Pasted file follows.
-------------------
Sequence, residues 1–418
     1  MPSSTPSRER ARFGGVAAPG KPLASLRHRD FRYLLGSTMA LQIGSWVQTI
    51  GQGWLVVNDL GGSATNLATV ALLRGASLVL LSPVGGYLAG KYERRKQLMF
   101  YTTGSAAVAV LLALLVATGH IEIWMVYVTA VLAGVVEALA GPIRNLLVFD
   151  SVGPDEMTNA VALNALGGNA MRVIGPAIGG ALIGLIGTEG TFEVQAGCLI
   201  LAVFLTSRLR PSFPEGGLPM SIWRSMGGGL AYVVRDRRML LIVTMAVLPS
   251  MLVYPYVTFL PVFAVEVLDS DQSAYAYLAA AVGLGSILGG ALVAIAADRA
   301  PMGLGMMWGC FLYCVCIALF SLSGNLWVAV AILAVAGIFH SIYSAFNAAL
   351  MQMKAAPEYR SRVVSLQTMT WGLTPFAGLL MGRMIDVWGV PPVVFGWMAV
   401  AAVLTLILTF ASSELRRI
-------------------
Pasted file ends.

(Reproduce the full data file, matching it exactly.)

Sequence, residues 1–418
     1  MPSSTPSRER ARFGGVAAPG KPLASLRHRD FRYLLGSTMA LQIGSWVQTI
    51  GQGWLVVNDL GGSATNLATV ALLRGASLVL LSPVGGYLAG KYERRKQLMF
   101  YTTGSAAVAV LLALLVATGH IEIWMVYVTA VLAGVVEALA GPIRNLLVFD
   151  SVGPDEMTNA VALNALGGNA MRVIGPAIGG ALIGLIGTEG TFEVQAGCLI
   201  LAVFLTSRLR PSFPEGGLPM SIWRSMGGGL AYVVRDRRML LIVTMAVLPS
   251  MLVYPYVTFL PVFAVEVLDS DQSAYAYLAA AVGLGSILGG ALVAIAADRA
   301  PMGLGMMWGC FLYCVCIALF SLSGNLWVAV AILAVAGIFH SIYSAFNAAL
   351  MQMKAAPEYR SRVVSLQTMT WGLTPFAGLL MGRMIDVWGV PPVVFGWMAV
   401  AAVLTLILTF ASSELRRI